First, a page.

February 23, 2020

July09: News & Notes.

- Teenage Supernova Discovery: Ah…who says you can’t engage kids in science anymore? Supernova 2008ha was recently discovered by Caroline Moore of Warwick, New York. Discovery actually occurred back in November 7th of last year, and buzz has just passed around the Internet as this is one of the weakest supernovas to be discovered. Perhaps that’s why the big guys missed it…

2008ha is about 70 million light years distant in the galaxy UGC 12682. At the age of 14, Caroline’s discovery will go down as a current record. This netted her the iOptron Young Astronomer of the Year award. At the time of discovery, she was participating in a supernova search team at the Puckett observatory and the discovery was made with a Meade 16″ reflector.

Un-Hoaxing the Mars Hoax: Ahhh…a good junk e-mail yarn never seems to truly die… the Mars Hoax is making what has become its yearly rounds around the Internet. Never mind that Mars takes almost twice as long to orbit the Sun as the Earth, and there’s not even an opposition of the Red Planet this year! In fact, good oppositions such as the one that occurred in 2003 only occur on a cycle of 16 years or so. Even then, Mars never appears larger than a full Moon, unless a rough black hole has nudged it from its orbit, in which case, we are all in very big trouble. Still, the Internet never seems to lets reality get in the way of a good hoax…what propagates this? Our obsession with search query stats? Or is it just the fact that it has become an August thing? Either way, be ready to hear this from your co-worker/grandma/spouse again this year; our advice would be to grin and bear it. Perhaps this is a chance to give them out from behind the flat screen and out under the real show; the universe!

- And the Cosmological Winner is…As more and more data sifts in, cosmology is joining the ranks of the “respectable” sciences. This year’s 2009 Gruber prize has just been announced as a three-way split; Wendy Freedman, Robert Kennicutt, and Jeremy mold will share the prize to be formally awarded on August 4th at the beginning of the International Astronomical Union’s (IAU) big bash (and they know how to party!) in Rio. Their collective feat? No less than refining the Hubble constant down to within 10%. Not bad, considering only a couple decades ago, you would see quotes in astronomy text books that said “100 km/s/Mpc, with an error of 50%”…their magic number? Drum-roll… 72! I know, 42 would have been cooler… this puts our universe at the tender young age about 14 billion years. The trio did their estimates the old fashioned way; by measuring those standard candles, Cepheid variables (800 of ‘em!) in 18 separate galaxies. Since its discovery by Edwin Hubble in 1929, the Hubble Constant has swung from a whopping 500 km/m/Mpc to as low as 50. Will this hush up the Big Bang nay-sayers that like to exploit the perceived ambiguity in the field? Probably not, but it does give us scientific types some more ammo!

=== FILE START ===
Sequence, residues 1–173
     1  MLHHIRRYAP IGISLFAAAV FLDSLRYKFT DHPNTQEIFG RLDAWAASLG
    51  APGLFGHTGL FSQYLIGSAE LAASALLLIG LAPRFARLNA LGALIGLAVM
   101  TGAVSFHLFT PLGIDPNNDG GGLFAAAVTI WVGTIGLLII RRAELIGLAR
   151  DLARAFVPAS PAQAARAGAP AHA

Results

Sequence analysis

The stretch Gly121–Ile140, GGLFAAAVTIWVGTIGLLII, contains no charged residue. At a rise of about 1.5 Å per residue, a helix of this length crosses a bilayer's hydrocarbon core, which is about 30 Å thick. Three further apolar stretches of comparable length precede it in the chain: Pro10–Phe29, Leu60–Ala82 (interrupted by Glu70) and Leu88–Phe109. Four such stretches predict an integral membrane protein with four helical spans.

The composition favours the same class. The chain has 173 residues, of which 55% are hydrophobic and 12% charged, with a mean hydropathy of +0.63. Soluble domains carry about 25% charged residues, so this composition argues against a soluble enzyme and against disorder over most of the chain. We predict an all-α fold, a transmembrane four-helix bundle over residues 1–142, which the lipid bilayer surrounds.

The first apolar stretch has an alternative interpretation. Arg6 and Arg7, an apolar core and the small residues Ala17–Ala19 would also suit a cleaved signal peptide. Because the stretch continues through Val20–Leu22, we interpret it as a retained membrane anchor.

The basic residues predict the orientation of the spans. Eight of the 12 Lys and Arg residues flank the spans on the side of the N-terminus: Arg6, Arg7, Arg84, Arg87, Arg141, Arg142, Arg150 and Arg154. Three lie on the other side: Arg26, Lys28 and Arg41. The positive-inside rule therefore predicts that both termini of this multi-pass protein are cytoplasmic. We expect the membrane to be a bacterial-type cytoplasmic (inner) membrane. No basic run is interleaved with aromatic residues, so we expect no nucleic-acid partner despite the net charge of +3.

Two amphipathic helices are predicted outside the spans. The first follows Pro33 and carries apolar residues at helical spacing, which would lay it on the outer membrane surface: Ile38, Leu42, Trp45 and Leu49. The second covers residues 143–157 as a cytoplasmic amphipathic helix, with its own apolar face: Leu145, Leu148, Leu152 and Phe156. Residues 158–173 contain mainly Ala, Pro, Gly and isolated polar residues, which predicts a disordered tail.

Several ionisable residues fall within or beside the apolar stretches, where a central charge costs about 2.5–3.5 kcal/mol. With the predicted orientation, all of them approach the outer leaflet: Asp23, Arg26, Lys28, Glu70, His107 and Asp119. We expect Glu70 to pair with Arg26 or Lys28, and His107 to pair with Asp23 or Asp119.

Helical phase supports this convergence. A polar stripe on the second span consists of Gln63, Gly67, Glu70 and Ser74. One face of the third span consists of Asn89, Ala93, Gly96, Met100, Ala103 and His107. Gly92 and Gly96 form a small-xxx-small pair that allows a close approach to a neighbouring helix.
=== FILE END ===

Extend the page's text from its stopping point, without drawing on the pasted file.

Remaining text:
-Lunar Redux?: Talk of the NASA budget has not been good as of late. Already, there is word that the planned manned presence on the Moon may be scaled back. Comments by NASA’s newly named director, Chris Scolese, have hinted at a change in NASA’s proposed manned space program and paint a picture of an administration in flux. This could be a good or bad thing; good in that more forward thinking may come about, with an emphasis on manned missions instead to Mars or an Earth crossing asteroid (Apophis in 2029, anyone?) Bad, in that it hints at back sliding into the space exploration wasteland of the late 70′s-early 80′s once again. The goal is still to re-land a man on the Moon by 2020, but let’s hope we hang around a while this time!


-One of a Kind Sundial Stolen: Have you seen me? Recently a story of a missing sundial has come to light. The place is Cal tech circa 1975; the object of desire was a one-of-kind 24-inch all-brass sundial cast by none other than telescope making legend Russell W. Porter of Stellafane fame; the suspects are, well, yet to be named. Cal tech has recently evinced interest in opening this astro-cold case… seen any unusual sundials lately in that local yard sale or thrift shop?